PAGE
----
TAMPA, Fla. - The budding rivalry of Republican presidential contenders Rick Perry and Mitt Romney takes the spotlight Monday when the party's White House hopefuls meet in Florida for their second debate in less than a week.
The debate, co-sponsored by the Tea Party Express advocacy group, will include questions from members of the conservative Tea Party movement that has reshaped the U.S. political scene with its focus on limited government and reduced spending.
It will focus heavily on the economy and is likely to feature more fireworks between Perry and Romney, who had several sharp exchanges last week over the Social Security retirement plan and job creation.
Perry, a conservative Tea Party favorite, has zoomed past Romney to lead in opinion polls since entering the race last month for the Republican nomination to challenge President Barack Obama in 2012.
But Romney got a boost on Monday with the endorsement of Tim Pawlenty, the former governor of Minnesota who dropped out of the race after a poor showing in last month's Iowa straw poll, an early test of campaign strength.
Like Romney, Pawlenty based his campaign on his ability to appeal to the more moderate voters needed to win a general election. Perry's run to the top of Republican polls has been powered by his strength with social and religious conservatives.
The debate, which begins at 8 p.m. EDT and will be telecast on CNN, will be held in Tampa, Florida, the site of the party's nominating convention in less than a year.
Perry, the governor of Texas, called Social Security a "Ponzi scheme" and a "monstrous lie" during last week's debate. That drew a rebuke from Romney, the former governor of Massachusetts, who said he supported the popular retirement program but wanted to fix it.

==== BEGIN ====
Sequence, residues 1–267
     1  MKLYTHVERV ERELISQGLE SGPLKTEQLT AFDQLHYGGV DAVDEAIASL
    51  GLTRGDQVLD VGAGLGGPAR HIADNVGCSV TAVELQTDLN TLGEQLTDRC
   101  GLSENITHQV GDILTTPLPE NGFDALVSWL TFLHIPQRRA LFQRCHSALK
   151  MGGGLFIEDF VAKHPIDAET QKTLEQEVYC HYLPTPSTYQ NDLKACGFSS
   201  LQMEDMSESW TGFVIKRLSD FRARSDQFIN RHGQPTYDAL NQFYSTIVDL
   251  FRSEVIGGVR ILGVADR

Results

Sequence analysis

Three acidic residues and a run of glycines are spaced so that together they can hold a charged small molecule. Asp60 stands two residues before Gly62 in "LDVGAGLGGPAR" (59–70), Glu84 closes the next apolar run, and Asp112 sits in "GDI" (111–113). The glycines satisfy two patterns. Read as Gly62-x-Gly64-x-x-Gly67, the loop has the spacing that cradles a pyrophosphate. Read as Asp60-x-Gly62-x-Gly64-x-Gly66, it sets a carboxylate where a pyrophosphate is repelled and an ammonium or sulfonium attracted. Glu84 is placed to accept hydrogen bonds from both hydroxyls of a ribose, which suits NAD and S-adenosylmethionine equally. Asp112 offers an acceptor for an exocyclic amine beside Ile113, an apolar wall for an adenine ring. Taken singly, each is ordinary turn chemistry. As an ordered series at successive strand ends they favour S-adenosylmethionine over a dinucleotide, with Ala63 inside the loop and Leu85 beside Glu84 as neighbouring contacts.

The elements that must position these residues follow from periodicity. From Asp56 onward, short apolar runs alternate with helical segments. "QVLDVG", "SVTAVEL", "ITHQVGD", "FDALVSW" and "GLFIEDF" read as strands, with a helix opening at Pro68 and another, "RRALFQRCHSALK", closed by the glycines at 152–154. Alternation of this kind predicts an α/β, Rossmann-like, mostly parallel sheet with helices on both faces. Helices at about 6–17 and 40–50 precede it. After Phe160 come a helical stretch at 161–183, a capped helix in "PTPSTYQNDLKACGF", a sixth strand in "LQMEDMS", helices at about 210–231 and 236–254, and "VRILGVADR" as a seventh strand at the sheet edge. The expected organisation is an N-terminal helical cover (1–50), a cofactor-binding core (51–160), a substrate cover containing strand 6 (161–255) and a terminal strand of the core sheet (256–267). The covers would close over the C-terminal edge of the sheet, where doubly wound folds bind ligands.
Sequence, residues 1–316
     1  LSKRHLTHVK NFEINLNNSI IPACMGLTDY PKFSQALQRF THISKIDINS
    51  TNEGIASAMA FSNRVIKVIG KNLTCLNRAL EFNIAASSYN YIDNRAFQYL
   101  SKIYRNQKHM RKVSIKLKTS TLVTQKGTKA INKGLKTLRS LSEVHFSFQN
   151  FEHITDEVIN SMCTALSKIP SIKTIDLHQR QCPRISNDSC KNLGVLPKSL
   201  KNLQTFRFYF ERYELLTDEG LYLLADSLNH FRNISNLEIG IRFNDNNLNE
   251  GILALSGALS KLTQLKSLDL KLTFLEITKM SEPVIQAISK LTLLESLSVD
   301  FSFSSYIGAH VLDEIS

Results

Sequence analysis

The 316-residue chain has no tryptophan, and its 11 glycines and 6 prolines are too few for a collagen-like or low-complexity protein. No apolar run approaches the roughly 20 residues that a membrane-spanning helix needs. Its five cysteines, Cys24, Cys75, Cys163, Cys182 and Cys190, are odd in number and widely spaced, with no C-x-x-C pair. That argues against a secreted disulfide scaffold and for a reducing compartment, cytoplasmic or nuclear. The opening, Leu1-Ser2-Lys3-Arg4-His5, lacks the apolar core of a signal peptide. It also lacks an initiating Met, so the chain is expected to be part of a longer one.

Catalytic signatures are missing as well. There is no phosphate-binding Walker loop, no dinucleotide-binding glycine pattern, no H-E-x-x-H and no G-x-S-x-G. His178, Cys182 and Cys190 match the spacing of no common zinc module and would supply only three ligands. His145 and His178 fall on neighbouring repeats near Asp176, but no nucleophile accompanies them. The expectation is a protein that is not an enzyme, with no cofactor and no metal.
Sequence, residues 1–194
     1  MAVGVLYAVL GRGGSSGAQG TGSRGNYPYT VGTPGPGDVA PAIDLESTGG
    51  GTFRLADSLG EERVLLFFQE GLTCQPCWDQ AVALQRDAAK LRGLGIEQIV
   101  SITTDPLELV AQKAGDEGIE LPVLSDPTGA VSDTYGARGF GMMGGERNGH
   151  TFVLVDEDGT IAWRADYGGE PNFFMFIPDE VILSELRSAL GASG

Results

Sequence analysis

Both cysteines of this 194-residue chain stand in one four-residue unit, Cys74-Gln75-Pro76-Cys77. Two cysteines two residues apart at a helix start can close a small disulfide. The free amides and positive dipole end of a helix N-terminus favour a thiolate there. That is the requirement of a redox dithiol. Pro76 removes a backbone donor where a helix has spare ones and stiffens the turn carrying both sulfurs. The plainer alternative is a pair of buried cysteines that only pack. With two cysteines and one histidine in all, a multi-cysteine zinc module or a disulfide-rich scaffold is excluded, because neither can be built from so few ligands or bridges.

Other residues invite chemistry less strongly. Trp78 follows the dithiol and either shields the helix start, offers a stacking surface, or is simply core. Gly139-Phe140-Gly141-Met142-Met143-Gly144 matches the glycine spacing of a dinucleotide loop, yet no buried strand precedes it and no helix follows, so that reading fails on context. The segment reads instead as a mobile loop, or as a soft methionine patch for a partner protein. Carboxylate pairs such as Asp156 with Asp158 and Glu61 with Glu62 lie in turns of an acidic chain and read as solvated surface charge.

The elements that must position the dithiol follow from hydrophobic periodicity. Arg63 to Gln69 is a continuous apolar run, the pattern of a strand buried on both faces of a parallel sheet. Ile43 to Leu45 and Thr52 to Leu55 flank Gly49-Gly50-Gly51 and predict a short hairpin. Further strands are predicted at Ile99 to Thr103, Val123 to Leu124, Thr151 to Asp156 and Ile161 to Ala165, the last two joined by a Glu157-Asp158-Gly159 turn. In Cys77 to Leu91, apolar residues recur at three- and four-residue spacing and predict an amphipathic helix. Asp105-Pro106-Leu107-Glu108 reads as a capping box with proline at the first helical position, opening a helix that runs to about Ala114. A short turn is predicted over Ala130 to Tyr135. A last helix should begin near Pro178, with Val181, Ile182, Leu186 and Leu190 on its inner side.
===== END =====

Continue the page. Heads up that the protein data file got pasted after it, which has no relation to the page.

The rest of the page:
In a column in the newspaper USA Today, Perry said on Monday the goal should be fixing Social Security by making it more financially sustainable for the long-term.
"We must have a frank, honest national conversation about fixing Social Security to protect benefits for those at or near retirement while keeping faith with younger generations who are being asked to pay," he said.
Perry's debate comments on the subject will be watched closely in Florida, which has the country's biggest proportion of elderly voters and hosts a potentially vital nominating contest next year.
"It's going to be a good test of Perry's ability and his staying power. He's going to be on the spot again," said Steve Roberts, a former state party chairman and Republican National Committee member.
Among the other candidates vying for attention on the crowded Florida stage will be U.S. Representative Michele Bachmann, who has seen her campaign begin to fade since winning the Iowa straw poll last month.
Perry has robbed Bachmann of much of her support from conservatives, which is crucial in states with early nominating contests like Iowa and South Carolina.
Other candidates participating will be Jon Huntsman, the former Utah governor, former U.S. House of Representatives Speaker Newt Gingrich, businessman Herman Cain, U.S. Representative Ron Paul and former U.S. Senator Rick Santorum.
The debate will be the fifth so far of the Republican presidential campaign. It will be followed closely next week by another debate in Orlando, Florida, as the White House race heats up.
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